Why I Love Nessarose


 The character of Nessarose comes from the musical Wicked, a retelling of the Wizard of Oz (in case you’ve been living under a rock and haven’t heard of it). She’s a minor character, the younger sister of the main character Elphaba (the Wicked Witch of the West). She ends up as the ruby slipper-wearing Wicked Witch of the East that Dorothy crushes with her house when she lands in Munchkinland. I love Nessarose because she is such a strong, powerful, tenacious character who is mistreated by everyone close to her, despite coming from a background of wealth and privilege. Unlike Elphaba, she’s not the loud, rebellious sister that viewers are encouraged to see as the badass hero. She’s the quieter sister who tries to follow the rules and do the right thing until she can’t anymore, and receives no positive recognition for her effort. Nessa keeps going and does her duty despite losing the rest of her family and being taught she’s weak. She  tries to find and hold onto love even though she’s been told she’s not worthy of it for her entire life. She may not go about it in the best of ways, but she’s using the methods she was taught by those around her.

As a child, she was taught by her father that her physical body was deformed, ugly and useless, that her only worth was her ability to work and serve her people as her father’s successor. Sure, her face is tragically beautiful, but that’s just enough make people pity her. They never require much from her or ask her what she wants for herself or her life. She’s taught that she’s helpless from birth. It never occurs to her that she isn’t. Her father over-loved her, smothering her, crippling her literally and figuratively before she was even born. Nessa is so taken care of and underestimated that she doesn’t think to even try to use her power, magical or otherwise, rebel, or veer from the path others choose for her.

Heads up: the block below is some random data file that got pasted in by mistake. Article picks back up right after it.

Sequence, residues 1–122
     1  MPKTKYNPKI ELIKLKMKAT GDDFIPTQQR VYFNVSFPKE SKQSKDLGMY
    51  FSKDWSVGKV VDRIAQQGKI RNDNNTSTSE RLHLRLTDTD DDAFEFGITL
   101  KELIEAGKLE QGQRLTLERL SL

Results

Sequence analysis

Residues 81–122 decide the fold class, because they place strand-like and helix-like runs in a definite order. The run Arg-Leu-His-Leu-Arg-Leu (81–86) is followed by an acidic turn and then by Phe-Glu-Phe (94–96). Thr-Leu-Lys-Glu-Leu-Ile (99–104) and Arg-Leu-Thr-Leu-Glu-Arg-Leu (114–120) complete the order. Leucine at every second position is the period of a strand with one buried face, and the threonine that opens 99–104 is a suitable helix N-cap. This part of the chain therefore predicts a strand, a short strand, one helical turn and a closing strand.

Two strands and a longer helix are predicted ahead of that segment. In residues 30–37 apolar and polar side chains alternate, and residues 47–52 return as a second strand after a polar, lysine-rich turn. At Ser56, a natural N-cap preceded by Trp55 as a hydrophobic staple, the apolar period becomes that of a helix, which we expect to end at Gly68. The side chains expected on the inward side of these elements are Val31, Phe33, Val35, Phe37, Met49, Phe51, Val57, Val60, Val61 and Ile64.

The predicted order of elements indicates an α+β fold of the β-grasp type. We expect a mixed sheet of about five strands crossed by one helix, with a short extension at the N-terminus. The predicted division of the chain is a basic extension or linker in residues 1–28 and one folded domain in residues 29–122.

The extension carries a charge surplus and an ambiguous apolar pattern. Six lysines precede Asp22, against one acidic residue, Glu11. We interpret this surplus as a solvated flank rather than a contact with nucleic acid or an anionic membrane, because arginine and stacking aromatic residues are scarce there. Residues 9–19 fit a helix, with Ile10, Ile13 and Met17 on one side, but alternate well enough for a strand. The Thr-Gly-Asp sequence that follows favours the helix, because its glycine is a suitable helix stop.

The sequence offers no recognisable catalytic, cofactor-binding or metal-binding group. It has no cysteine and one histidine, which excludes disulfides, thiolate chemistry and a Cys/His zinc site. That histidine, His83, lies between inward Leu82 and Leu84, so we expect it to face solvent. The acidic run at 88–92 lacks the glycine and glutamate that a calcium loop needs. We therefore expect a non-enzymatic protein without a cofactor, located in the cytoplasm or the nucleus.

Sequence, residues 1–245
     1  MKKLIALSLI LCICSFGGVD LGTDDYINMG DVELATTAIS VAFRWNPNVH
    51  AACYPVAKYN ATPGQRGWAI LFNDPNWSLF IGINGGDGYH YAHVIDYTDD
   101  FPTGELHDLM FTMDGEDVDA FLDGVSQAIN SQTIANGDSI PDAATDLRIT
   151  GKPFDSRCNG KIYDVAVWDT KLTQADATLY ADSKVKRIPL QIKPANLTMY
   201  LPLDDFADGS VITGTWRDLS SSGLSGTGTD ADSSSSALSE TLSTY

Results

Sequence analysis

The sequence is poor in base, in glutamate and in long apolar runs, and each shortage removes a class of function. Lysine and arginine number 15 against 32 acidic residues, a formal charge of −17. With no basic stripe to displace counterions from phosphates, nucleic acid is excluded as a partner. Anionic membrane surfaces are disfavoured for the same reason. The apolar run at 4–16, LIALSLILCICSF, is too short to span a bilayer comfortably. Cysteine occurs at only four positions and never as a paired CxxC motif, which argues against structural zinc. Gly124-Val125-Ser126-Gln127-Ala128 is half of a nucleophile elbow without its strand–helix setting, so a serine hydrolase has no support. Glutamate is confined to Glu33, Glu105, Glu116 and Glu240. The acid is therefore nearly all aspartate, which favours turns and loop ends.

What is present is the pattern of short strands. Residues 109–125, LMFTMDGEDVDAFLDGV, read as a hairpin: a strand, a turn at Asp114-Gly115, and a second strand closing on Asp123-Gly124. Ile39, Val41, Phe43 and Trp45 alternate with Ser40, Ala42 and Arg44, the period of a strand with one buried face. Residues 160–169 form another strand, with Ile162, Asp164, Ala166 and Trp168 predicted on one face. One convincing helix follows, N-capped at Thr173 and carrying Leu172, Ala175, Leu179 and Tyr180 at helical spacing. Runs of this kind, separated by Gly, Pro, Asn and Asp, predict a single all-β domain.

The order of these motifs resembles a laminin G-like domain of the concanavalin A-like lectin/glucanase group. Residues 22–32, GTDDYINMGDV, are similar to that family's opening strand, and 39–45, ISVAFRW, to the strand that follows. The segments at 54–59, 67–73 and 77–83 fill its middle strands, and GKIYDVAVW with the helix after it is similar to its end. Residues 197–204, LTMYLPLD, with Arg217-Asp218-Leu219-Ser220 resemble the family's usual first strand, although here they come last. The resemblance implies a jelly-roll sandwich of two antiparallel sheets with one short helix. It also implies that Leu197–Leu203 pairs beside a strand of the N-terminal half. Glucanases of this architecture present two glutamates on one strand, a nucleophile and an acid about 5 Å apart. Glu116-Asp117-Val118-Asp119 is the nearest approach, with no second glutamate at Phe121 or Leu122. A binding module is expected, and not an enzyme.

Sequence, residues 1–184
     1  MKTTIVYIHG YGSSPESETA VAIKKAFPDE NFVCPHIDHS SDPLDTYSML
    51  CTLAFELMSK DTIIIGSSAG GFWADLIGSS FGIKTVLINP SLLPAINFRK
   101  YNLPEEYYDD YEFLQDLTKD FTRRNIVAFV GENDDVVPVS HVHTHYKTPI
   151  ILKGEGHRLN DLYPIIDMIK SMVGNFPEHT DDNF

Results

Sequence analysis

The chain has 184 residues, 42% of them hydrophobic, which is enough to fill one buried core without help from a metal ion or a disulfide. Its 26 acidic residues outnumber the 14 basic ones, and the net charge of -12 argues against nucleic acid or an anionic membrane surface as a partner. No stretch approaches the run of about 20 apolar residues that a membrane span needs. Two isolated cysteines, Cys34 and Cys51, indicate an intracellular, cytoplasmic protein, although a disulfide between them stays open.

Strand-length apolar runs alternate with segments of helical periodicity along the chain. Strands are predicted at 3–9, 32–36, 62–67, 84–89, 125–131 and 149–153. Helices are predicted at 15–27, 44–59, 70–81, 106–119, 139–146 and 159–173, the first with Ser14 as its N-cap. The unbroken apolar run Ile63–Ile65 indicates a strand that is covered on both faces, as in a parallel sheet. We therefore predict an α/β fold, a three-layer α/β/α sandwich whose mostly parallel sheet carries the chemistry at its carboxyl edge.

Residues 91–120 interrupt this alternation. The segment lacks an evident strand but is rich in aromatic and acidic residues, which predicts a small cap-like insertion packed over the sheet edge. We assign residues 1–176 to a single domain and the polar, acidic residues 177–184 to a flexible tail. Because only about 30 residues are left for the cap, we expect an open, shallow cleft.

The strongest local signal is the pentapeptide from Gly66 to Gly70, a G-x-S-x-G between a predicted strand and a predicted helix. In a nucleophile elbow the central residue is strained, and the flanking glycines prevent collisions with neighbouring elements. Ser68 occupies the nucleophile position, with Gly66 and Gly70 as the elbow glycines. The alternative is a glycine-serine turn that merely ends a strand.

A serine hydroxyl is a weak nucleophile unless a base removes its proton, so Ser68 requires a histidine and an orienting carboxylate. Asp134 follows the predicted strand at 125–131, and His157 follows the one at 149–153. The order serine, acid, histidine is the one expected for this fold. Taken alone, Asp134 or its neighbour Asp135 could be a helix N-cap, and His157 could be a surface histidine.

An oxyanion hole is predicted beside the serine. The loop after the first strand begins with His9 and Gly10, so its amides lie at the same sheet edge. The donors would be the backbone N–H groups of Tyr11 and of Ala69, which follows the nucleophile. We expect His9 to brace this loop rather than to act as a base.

But in reality, Nessarose is just as powerful and talented as Elphaba, and just as strong willed. Nessa casts her spell on Boq on the first try, translating the spell book on her own, just like Elphaba had with the spell to create flying monkeys’ wings. Elphaba’s magic was triggered early and often as a child by her temper and the frequent slights she suffered, despite the family’s obvious disapproval of her use of her magic. Nessa, on the other hand, was coddled and taught to suppress her power, to be the good sister. She may not have been told outright to avoid exploring her own magical potential, but watching her father’s treatment of Elphaba would have gotten the message across loud and clear. But once Nessa finds something she wants to fight for, she fights.